As we draw to the end of this Advent series, Christmas Day is nearly upon us and the rejoicing will soon commence. In the midst of a bustling season we have quieted our hearts and come to celebrate our Savior who was born into a world so desperate for saving. Through the emotional writings of the Psalms, we have pondered thanksgiving, salvation history, lament, and trust. Lifting our eyes, we have remembered. And today—today, we praise!
Psalm 100 is a short and well-known song of praise (as well as thanksgiving). In Hebrew, the complete book of Psalms is entitled “Praises.” Even when we are lamenting and pondering the harsh realities of life and the clamor around us, if we are humbling ourselves before our God, it is praise. Instead of using rhyme and meter as in Western poetry, Hebrew poetry uses a construct of parallelism, often stating a thought and then repeating it in a different way. This hymn calls us to give thanks and celebrate and then again, give thanks and celebrate.
“Make a joyful shout to the Lord, all you lands! Serve the Lord with gladness! Come before his presence with singing!” (100:1–2 NKJV)
There is no room for timidity here. The Psalm starts with a joyful “shout!” like one would do for a king arriving in an assembly. The shout mentioned is one of exhilaration and the truest form of happiness. This hymn of praise was possibly sung during a religious festival, notes Frank E. Gaebelein. When we come before our God who invites us into his family, it can be the sweetest of parties, and we celebrate. Charles Spurgeon writes, “Our happy God should be worshipped by a happy people; a cheerful spirit is in keeping with his nature….” We enter the presence of our great King, and we sing. While we know that praise involves more than just singing, David Guzik notes that “[singing] is an important and chief way to praise him.”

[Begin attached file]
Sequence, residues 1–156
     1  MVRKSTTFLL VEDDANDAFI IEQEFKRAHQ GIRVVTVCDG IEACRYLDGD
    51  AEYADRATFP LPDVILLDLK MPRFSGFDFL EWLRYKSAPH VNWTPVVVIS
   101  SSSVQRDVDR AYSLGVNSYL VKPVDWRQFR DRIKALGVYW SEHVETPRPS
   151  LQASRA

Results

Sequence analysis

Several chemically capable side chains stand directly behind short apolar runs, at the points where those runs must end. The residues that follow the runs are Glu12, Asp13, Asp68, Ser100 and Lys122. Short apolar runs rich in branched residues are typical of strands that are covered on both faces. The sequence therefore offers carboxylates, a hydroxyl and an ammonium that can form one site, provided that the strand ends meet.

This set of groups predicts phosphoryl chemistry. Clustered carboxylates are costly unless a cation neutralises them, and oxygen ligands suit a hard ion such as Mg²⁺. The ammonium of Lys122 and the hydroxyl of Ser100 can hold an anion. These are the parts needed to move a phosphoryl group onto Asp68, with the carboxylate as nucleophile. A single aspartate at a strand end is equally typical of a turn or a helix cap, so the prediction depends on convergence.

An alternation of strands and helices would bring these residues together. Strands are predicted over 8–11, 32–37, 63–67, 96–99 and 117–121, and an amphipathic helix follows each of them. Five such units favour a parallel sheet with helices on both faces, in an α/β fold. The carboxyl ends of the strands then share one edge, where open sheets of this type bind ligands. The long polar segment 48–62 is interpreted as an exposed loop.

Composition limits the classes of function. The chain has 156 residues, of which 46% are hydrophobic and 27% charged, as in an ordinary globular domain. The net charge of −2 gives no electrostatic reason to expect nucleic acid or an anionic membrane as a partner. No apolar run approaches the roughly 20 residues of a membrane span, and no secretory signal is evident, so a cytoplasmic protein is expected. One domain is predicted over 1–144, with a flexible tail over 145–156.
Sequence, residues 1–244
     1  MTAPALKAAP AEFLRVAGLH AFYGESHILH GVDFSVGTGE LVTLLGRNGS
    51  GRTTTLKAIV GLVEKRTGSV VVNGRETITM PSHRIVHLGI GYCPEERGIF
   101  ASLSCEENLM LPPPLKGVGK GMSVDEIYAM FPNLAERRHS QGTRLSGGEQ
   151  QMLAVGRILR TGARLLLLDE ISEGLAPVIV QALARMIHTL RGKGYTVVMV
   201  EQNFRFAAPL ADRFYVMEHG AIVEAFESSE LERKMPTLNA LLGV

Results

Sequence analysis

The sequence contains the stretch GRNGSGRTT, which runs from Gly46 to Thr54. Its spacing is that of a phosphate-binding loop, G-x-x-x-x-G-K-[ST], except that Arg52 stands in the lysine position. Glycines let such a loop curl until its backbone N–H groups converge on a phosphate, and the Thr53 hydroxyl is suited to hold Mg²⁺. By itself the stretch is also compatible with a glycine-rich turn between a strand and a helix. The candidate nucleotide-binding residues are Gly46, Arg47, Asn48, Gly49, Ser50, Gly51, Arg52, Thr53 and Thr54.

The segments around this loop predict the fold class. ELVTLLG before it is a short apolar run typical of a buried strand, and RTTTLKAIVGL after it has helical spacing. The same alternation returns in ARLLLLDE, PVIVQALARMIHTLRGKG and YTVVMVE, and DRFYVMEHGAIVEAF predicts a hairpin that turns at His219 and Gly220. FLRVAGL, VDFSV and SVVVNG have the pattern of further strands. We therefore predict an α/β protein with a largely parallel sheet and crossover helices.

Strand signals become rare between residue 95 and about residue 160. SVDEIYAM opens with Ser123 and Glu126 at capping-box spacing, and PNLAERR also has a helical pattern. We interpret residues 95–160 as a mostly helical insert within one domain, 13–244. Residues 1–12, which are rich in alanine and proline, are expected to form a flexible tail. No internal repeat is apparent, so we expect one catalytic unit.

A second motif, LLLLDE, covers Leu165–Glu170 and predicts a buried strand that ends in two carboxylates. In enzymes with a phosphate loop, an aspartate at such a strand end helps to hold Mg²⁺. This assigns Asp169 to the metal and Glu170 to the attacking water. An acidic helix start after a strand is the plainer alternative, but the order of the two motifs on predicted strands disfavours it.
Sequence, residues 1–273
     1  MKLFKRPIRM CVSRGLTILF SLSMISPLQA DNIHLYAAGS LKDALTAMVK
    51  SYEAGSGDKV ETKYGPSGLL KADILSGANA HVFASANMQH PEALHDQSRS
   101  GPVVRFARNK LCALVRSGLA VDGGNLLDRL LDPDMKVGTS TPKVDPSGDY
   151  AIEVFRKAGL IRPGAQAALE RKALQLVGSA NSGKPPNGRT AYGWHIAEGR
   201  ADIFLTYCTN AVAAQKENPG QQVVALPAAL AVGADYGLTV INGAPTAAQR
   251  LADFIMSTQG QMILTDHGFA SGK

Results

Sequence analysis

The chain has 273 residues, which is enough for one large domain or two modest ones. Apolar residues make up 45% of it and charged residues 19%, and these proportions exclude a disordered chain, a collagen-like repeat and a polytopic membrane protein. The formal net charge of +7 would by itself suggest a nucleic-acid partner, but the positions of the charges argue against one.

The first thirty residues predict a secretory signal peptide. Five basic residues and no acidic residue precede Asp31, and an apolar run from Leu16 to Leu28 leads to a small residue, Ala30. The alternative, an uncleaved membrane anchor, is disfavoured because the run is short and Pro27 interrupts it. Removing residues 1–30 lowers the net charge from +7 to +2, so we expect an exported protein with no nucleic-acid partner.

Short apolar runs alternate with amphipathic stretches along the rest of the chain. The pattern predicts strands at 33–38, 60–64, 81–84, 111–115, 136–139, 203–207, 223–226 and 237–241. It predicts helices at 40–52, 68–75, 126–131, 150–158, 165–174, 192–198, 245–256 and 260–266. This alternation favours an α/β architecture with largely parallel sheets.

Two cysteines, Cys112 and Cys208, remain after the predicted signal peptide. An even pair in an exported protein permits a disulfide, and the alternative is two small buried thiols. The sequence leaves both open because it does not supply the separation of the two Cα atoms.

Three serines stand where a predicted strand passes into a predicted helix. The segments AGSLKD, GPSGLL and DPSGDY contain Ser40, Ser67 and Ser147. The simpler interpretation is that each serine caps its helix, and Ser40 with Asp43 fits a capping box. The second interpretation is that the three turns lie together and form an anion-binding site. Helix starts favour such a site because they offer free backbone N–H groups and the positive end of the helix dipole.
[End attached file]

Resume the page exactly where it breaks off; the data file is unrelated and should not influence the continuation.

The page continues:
“Know that the Lord, He is God! It is he who made us, and not we ourselves; we are his people and the sheep of his pasture.” (v. 3 NKJV)
According to John MacArthur, this “know” is experiential, and it is an acknowledgement that “Israel’s covenant God, Jehovah, is the only true God.” In a culture that praises the concept of making ourselves into whatever we might desire, the phrase “not we ourselves” is a poignant reminder of our position before our Creator. He made us for his purposes (Is. 64:8) and he will lead us as does a good shepherd (Ps. 23). Throughout Scripture we see the comparison of the Lord being our shepherd who cares for us in a way that is both individual and communal (Luke 15), and we are the sheep who need plenty of guiding.
Enter into His gates with thanksgiving, and into His courts with praise! Be thankful to Him, and bless his name!” (v. 4 NKJV)
Thanksgiving and praise are closely entwined in the fabric of a life lifted up to God, full of gratitude for what he has done, recognition of who he is, and the declaration that he is the sovereign and completely powerful one. Praise is the natural outgrowth of thanksgiving—a celebration of a truly marvelous God. In this verse we see the beautiful reality of being able to come near this God. The gates and courts mentioned are indicative of the Old Testament temple, but through Jesus’ death and resurrection we now know that we, as his followers, are where God dwells (1 Cor. 6:19). Our hearts and lips are to give him thanks and praise.
“For the Lord is good; His mercy is everlasting, and His truth endures to all generations.” (v. 5 NKJV)
Through recounting the character of God, we fix our hearts on him and are reminded that not only is he good, but that he is the one who defines what is good. In this verse, mercy can also be described as “loyal love,” which is never ending. What an amazing concept! “His truth endures” is reminding us of God’s faithfulness. Centuries come and go, but he remains the same (James 1:17).
So, what might be a picture of praise? It can be that blissful, crack-of-dawn Christmas moment when ecstatic children come running down the hallway, slipping and sliding to enter the living room. In their pajamas they wiggle and nearly trip, hands waving in the air when they spot the vast array of gifts. And ultimately they leap and smile, not merely for flashy presents under trees, but for parents who love them. Our praise to God is similar. Every day is a day to wave our hands and make a joyful noise before our God. For we are his children, and that is worth celebrating far more than all the treasures one might find under tinsel.
To conclude this Advent series, we give thanks and celebrate who God is, how he has delivered us, and that he is faithful to his word. Praise him! In the Old Testament we see praise being a way God’s people push back against the enemy (2 Chron. 20, Josh. 6). Whether loss, anxiety, or anything else beckons you to draw inward with despair this season, turn on some praise music, lift your voice, and make a shout of victory! Remember that God is the Creator. His plans are perfect, and he deserves our praise. Oh, that we would give it happily.
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